I'm currently re-doing my backyard. Can you suggest a colorful shade tree that would grow to ten feet in small space?
I’m not sure there is a tree that meets your requirements. A true ‘shade tree’ grows much taller than ten feet. So, your criteria needs to be revised. In addition, you’ll need to control the height of whatever you choose by pruning in annually.
My favorite small tree is Arbutus unedo Marina. The upright branches are covered with a smooth mahogany colored bark. In the summer the bark peels off to expose next years bark that isa cinnamon color. It has dark green leaves and can be kept to around twelve feet with pruning.
Arbutus is one of the few evergreen trees that flower in the fall as well as the spring with clusters of rosy pink urn-shaped flowers. The flowers turn into a red and orange color fruits, and that gives Arbutus unedo Marina its common name the Marina Strawberry Tree.
They are edible but mealy, so it is an acquired taste.
My second choice is Crape Myrtle, Lagerstroemia indica. They are perfect for small yards and bloom during the summer months.
They’re available in white, pink, lavender/purple and red flowers. The leaves turn color in the fall before dropping, so you get a second show of color.
The Mildew resistant variety is recommended where there is a strong marine influence during the summer months.
Pruning them during the winter months controls the height. They can be severely pruned for a tight bushy canopy or lightly to give it an open, airy look. And finally, I’d add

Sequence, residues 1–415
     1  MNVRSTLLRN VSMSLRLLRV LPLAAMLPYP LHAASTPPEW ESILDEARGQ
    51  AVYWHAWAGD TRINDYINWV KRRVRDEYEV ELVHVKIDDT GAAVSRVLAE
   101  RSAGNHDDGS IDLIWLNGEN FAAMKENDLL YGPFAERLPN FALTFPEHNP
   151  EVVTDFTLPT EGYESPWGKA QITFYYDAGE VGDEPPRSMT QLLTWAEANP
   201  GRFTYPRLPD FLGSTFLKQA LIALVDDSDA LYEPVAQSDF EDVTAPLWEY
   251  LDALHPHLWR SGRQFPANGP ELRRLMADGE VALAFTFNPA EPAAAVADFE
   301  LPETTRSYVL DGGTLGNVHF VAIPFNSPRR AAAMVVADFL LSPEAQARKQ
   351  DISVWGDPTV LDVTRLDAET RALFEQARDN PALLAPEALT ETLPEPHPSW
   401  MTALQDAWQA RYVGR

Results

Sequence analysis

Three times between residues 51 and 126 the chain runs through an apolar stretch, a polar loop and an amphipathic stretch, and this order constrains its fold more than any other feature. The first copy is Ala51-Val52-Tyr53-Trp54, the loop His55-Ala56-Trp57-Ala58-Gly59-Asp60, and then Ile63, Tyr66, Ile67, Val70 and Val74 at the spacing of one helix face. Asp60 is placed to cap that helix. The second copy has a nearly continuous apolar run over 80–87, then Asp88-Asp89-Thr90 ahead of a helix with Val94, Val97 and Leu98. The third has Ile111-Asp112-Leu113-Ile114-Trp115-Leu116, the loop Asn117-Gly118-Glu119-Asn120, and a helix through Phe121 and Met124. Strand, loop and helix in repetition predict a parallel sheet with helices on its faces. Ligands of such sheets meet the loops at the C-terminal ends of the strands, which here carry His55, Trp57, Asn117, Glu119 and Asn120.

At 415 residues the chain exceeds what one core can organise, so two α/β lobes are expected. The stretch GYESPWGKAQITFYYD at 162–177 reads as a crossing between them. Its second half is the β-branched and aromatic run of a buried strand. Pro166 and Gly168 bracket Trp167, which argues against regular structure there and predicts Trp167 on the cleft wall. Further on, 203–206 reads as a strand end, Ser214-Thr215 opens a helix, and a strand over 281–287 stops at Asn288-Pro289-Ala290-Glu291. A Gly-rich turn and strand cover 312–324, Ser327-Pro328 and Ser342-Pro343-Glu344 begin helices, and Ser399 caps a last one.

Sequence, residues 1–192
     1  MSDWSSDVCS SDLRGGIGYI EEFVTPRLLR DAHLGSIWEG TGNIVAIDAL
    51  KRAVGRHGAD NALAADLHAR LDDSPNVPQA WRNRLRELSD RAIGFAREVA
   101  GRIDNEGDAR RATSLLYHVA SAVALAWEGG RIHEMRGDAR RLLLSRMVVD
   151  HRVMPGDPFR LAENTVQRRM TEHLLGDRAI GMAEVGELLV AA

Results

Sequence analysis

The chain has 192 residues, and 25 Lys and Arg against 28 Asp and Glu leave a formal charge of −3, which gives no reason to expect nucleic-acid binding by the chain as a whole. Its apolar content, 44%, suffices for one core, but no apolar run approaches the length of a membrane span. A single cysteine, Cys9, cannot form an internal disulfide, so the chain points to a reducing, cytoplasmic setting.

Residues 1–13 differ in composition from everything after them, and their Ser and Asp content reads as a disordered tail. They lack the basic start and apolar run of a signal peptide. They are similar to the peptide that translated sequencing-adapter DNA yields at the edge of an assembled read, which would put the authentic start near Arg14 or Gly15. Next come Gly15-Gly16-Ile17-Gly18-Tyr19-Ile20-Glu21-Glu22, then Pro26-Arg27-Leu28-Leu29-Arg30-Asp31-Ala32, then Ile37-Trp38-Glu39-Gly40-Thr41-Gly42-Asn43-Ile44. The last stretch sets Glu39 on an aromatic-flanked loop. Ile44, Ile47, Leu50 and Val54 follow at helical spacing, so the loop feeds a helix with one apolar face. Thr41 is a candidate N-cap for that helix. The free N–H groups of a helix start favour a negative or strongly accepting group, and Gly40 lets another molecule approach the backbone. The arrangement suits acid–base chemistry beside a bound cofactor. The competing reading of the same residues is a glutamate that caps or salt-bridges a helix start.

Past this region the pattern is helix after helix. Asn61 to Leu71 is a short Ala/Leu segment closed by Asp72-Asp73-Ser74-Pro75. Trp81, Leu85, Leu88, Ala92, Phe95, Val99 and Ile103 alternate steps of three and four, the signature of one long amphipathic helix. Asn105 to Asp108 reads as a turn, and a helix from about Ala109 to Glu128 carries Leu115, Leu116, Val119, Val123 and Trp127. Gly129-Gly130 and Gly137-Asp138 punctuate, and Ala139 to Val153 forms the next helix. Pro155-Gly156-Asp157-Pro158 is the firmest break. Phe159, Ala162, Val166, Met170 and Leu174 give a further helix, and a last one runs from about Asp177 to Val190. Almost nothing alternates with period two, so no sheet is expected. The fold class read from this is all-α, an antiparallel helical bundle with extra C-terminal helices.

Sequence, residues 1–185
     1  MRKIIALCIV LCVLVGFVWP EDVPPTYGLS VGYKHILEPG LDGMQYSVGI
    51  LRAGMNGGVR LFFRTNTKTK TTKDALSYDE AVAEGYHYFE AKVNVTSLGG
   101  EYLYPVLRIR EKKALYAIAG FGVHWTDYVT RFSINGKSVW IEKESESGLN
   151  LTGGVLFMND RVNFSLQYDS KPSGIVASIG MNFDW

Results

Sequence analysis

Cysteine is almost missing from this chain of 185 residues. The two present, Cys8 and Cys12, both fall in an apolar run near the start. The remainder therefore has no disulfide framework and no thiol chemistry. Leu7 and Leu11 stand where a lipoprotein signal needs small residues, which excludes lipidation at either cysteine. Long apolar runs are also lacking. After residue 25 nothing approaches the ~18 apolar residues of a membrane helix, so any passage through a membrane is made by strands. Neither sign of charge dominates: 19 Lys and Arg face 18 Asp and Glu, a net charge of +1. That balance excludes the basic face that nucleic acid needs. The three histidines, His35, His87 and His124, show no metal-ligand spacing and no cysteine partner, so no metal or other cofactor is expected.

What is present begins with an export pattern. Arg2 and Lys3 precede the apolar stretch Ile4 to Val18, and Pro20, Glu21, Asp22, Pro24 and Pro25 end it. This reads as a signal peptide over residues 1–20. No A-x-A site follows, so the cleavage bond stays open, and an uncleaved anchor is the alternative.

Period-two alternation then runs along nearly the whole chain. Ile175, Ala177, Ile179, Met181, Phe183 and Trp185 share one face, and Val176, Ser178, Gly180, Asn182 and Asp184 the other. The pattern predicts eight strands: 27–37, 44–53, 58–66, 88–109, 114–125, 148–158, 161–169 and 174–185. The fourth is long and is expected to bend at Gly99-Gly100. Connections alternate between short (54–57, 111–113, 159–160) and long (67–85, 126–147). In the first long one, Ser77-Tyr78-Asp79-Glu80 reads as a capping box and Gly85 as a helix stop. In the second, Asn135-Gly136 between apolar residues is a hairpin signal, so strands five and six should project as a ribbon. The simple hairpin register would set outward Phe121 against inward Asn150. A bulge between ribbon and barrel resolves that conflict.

Japanese Maple to the list. Anyone of these should do fine in as
Over the past two years, three of my five newly planted Correa ‘Carmine Bells’ have died and number four is nearly gone. The leaves begin by turning yellow, becomes sparse, and finally, the plant is so weak and pathetic that I remove it. What is my problem?
I really should have more information, but it sure sounds like the plants were planted too deep and or buried in the ground. Plants that struggle to grow and then die off suddenly is a symptom.
The problem starts at planting. Typically, we dig bowl shape holes with the plant near or at the bottom of the hole with a watering basin around it
. The surrounding soil from the basin then collapses in on top of the original root ball from watering and the rains. Any time there is a half an inch or more above the original rootball there going to be problems.
Plants growing a slope experience this from soil erosion. It’s a slow death as the plants struggle to survive.
When planting a new plant, the original root ball should be above the soil line or grade. This allows for settling without the plant being buried. With an existing plant